Middle Childhood Intervention 6-12:

Category — 3.4 Eight to Ten: Motor Skills

Motor Skills

The motor skills of children between the ages of 6 to 10 years are very well developed. In fact, children this age can do anything that adults can. At this stage, they will be mastering their balance and refining their coordination. Some of them may work on building strength and resistance for some activities, including sports games.


A child with gross motor delays may:

  • be quite awkward when running (that is, they seem to lack coordination when running and may even run into things or frequently trip and fall);
  • constantly lose his or her balance, when walking;
  • avoid sports and rough-and-tumble play;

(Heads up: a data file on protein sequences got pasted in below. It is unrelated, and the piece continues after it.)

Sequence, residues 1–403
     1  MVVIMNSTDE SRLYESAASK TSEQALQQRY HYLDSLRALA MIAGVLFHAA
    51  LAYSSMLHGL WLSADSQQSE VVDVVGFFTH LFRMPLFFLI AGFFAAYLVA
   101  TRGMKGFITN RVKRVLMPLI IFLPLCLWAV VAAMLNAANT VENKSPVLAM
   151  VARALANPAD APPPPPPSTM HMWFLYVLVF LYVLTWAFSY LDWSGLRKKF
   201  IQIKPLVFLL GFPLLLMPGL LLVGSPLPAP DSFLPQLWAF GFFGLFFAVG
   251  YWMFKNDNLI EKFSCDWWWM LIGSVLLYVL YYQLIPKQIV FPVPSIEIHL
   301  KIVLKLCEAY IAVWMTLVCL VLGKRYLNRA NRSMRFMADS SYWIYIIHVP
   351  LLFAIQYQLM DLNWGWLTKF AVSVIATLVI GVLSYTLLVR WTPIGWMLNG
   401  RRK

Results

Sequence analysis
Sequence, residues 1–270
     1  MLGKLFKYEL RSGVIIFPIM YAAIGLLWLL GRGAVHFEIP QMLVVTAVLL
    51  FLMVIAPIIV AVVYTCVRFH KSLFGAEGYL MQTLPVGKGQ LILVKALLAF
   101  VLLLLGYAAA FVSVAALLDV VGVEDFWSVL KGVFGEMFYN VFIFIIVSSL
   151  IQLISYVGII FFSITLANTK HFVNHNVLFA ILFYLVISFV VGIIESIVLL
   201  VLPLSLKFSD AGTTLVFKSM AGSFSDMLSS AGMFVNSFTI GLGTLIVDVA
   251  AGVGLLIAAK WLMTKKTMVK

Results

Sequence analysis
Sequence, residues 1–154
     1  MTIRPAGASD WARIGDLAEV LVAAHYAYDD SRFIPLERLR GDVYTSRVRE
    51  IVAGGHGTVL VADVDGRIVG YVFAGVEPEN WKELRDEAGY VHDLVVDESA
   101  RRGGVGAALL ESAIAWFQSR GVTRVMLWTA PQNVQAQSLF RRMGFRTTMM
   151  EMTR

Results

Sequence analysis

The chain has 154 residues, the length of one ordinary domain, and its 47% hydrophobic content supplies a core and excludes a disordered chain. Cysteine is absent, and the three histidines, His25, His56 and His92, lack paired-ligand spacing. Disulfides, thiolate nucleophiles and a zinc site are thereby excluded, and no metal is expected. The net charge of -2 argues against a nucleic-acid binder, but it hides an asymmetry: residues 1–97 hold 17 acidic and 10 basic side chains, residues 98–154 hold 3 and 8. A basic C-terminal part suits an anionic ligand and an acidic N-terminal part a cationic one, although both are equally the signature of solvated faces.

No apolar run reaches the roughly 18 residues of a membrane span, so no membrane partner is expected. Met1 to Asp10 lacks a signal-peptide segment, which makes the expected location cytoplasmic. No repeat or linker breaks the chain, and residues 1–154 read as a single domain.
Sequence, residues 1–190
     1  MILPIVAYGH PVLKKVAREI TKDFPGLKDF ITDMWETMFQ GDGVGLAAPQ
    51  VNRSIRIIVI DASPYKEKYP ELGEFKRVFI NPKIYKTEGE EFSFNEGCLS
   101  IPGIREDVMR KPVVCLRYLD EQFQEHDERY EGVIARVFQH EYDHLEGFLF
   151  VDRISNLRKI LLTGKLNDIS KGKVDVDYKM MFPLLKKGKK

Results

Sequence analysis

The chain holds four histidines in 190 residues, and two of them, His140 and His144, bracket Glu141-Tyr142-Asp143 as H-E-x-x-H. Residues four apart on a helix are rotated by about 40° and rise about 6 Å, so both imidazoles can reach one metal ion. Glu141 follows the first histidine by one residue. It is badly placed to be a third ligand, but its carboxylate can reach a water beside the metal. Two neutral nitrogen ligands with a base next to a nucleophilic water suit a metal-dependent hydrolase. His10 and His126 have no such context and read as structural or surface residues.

• be unable to kick, catch or throw a ball;
  • be unable to ride a bike without training wheels;
  • have difficulty or taking a long time going up and down the stairs.


A child with fine motor delays may:

  • struggle when holding a pencil or paint brush;
  • have unclear printing or writing;
  • be unable to type a word or sentence on the computer keyboard;
  • be unable to tie a knot;
  • be unable to tie a secure bow;
  • be unable to cut complex shapes with scissors (Fig. 1);
  • have poor eye/hand coordination (that is, they may struggle with writing or eating);
  • avoid arts and crafts activities because of motor difficulties;
  • struggle with basic eating utensils, such as forks or chopsticks (Fig. 2);
  • struggle with buttons, snaps and zippers.

cutting with scissors

Figure 1. Cutting with scissors

eating with chopsticks

Figure 2. Eating with chopsticks
see References

May 6, 2012   No Comments